NightScapes: Chasing the Light across the night sky. Exploring the techniques of capturing one of Natures most exciting photographic opportunities. We'll look at still photography, deepsky photography, and time lapse photography. We'll talk about navigating across the Constellations to identify what we discover. We will keep it as simple as possible and try to have some fun along the way as we explore techniques and contraptions, capturing and processing, posting and sharing, and maybe throw in a workshop or two. Join me as I set sail across the ocean of the's gonna be fun!

Wednesday, February 11, 2015

Just thought You'd like to Know...

The center of the Milky Way Galaxy is located just above the peak of the barn roof where the bulk of the white stuff is. The right center rearing upward is the Dark Horse of the Milky Way, a massive cloud of dust that blocks the view of the stars behind it. We, that is the earth, are located on one of the outer spiral bands of the M.W. orbiting the sun slightly canted from the center line of the Milky Way. During the Spring and Summer our night sky (northern Hemisphere) is facing toward the center portion of the spiral. In the Fall and Winter it is facing away from the center. That is why the Milky Way in all of its grandeur is visible mostly during the summer and not so much so during the winter. Just though you'd like to know...:)

Tuesday, February 3, 2015

What the Eye Can't See

I am constantly amazed at the quality and dynamic images being created of the night sky. Some of them are so amazing they defy the senses. I've discover it is not easy to accomplish such images even under the best of situations. Recently I stumbled onto an idea that seems to work pretty well at capturing what one feels when photographing the night sky. It's called simply enough creating a composite.

Composites are where you combine two images to make one. Usually, one image involves some kind of foreground and the other an image of the sky. The results can be staggering. What you must avoid is creating something that just doesn't look real and that is easier said than done.

What is amazing to me is what a long exposure can capture. What you see in a night sky image is what is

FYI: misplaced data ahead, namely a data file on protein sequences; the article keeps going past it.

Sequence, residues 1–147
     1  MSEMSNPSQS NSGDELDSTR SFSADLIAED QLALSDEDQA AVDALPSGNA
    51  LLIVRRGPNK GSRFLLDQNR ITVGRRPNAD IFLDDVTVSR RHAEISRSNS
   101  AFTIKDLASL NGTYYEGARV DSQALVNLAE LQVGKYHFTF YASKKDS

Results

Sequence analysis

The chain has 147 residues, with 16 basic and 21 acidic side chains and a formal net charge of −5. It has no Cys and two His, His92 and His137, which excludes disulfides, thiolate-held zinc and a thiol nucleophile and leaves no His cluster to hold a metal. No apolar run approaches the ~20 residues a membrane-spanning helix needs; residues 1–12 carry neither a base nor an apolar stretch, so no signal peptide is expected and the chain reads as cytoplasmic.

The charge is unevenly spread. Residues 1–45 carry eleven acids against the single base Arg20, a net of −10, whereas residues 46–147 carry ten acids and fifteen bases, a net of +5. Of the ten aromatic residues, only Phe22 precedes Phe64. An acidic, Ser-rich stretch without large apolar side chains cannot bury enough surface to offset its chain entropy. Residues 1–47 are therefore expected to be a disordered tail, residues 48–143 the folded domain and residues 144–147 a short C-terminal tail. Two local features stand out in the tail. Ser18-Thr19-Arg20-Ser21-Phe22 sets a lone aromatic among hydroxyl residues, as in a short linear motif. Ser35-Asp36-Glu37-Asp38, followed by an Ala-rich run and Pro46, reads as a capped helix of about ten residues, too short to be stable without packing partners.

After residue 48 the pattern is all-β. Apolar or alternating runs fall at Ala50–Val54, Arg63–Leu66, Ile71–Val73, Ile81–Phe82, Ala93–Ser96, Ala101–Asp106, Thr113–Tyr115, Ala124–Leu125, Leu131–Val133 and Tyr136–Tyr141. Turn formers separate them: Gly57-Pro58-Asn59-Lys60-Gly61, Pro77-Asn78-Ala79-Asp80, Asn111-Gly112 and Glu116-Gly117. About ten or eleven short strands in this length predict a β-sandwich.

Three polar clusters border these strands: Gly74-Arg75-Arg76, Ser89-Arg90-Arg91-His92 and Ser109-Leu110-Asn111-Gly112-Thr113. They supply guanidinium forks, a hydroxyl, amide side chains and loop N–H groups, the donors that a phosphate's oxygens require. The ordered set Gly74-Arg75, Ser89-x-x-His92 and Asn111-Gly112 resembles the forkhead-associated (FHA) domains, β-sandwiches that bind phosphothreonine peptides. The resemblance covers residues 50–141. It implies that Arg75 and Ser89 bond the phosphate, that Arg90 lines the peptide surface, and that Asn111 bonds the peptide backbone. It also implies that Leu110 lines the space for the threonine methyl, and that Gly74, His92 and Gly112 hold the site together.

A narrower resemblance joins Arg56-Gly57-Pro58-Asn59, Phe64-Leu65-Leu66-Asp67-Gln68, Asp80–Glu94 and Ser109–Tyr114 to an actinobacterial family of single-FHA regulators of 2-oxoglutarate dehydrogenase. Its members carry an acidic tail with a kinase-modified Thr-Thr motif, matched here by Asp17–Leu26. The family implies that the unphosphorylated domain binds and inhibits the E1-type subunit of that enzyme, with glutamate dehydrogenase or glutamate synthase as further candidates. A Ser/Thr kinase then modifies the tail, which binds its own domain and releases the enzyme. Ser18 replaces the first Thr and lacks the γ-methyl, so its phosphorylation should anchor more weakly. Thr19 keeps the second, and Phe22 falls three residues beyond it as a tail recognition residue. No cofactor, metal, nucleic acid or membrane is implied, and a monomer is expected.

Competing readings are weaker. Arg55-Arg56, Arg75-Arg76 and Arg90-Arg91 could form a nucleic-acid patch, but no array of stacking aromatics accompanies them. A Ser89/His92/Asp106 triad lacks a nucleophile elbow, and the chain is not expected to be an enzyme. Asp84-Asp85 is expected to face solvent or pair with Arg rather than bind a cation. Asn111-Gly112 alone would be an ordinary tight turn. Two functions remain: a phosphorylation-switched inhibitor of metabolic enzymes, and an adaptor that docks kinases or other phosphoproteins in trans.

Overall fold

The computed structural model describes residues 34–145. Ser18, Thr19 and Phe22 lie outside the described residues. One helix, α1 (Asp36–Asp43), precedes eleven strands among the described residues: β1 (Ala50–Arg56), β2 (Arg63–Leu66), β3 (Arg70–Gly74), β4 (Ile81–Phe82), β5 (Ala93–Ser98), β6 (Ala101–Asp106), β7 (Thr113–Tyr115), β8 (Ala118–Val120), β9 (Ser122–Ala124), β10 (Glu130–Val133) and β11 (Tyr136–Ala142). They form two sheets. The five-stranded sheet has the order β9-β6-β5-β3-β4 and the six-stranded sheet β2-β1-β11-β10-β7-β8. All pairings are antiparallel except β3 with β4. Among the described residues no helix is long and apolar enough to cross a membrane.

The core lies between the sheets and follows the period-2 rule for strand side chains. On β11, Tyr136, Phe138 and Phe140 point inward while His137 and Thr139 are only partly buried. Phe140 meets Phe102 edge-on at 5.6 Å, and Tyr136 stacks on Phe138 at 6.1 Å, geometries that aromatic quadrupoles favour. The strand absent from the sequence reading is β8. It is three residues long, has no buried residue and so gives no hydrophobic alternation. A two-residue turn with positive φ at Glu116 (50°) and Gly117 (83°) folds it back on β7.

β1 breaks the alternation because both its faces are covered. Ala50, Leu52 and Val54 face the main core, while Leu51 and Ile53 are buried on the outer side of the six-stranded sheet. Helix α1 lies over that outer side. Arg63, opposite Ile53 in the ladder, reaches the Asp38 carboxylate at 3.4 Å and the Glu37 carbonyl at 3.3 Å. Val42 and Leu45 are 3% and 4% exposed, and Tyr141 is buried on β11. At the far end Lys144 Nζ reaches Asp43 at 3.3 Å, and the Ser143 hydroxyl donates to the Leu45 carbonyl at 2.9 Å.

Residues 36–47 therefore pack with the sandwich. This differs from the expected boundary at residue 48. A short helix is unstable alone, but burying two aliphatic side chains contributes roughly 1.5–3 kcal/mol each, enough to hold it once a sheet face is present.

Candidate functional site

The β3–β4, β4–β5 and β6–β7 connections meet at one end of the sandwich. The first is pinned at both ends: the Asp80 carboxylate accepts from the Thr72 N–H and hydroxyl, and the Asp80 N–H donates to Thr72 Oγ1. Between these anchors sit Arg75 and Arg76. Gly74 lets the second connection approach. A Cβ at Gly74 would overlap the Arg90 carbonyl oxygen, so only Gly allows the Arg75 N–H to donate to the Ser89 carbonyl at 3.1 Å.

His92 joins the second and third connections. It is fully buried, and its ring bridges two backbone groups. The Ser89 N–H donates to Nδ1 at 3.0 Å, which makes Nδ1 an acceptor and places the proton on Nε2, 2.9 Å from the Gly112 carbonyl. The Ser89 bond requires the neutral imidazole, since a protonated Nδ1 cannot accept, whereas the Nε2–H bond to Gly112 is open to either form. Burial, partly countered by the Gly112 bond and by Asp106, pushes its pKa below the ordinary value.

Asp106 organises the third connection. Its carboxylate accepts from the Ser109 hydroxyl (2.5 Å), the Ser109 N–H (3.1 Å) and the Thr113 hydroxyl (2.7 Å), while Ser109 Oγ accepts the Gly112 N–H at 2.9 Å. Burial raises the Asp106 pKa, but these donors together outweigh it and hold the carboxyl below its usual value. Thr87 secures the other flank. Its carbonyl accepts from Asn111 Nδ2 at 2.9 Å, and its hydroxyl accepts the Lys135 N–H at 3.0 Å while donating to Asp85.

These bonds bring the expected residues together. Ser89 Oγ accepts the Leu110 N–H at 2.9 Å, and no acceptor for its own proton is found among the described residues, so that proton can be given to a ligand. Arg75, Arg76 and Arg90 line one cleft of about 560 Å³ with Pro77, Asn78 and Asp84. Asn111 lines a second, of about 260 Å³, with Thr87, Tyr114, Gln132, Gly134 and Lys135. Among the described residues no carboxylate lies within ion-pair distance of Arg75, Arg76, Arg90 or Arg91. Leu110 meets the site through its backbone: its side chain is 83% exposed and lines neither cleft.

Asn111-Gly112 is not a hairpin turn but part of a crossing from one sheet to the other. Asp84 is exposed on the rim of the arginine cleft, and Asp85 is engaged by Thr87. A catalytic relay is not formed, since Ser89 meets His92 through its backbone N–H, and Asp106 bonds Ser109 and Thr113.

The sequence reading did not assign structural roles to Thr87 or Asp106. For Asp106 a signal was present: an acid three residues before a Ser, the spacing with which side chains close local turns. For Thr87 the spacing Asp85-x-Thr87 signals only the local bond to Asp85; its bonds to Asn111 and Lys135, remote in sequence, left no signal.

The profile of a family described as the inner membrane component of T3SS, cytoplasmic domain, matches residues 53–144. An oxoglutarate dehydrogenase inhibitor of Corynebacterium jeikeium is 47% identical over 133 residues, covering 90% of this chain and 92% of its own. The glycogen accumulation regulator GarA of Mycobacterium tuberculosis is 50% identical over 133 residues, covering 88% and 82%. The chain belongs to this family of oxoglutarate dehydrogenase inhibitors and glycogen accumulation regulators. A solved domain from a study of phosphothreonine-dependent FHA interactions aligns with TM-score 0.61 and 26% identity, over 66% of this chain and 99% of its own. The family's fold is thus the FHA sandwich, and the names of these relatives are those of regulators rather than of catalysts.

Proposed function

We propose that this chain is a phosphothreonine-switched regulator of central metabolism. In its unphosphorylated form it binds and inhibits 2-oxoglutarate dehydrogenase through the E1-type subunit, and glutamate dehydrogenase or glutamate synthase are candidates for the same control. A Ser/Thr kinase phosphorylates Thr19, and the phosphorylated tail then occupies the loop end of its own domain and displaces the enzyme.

actually there, it's just not readily seen with the eye. So by combining a long exposure of the sky with a foreground image can create what the sky would look like if we could see thru the thick haze and light pollution.

Friday, January 16, 2015

Beautiful Clear Night

Been a bit under the weather the last couple of weeks...well the better part of the last month really, but finally feeling well enough to step outside this evening and witness a brilliant clear winter sky. Managed to see three nice meteors, one was the largest one I've seen in many years. It arched across the sky covering a full 60% swath between the horizons. As it faded, it broke into several pieces and flamed out a brilliat orange and red. I just missed capturing it with my camera. I was taking a timed exposure of the Orion Nebula when a few seconds after I opened the shutter it arched just outside the field of view. I was using a 500mm lens at the time...with a wider field of view lens I would captured a spectacular firey show.

Sometimes it is difficult to get my barndoor tracker to line up correctly and I spent the majority of the time just trying to align it properly. I never did get it exactly, but it was close enough to allow for 30 second tracked exposures at 500mm.

The best shot of the evening is this one of Orion Nebula. It is an amazingly beautiful part of the night sky and realitively easy to photograph. After about an hour or so, I called it quits because I did not want to breathe that cold night air for too long having barely recovered from a bad respiratory infection. Good thing I did too...I've spent the last thirty minutes coughing.

Saturday, January 10, 2015

Comet Lovejoy

Comet Lovejoy will arch in front of Orion in January. See the image below right take on January 10th.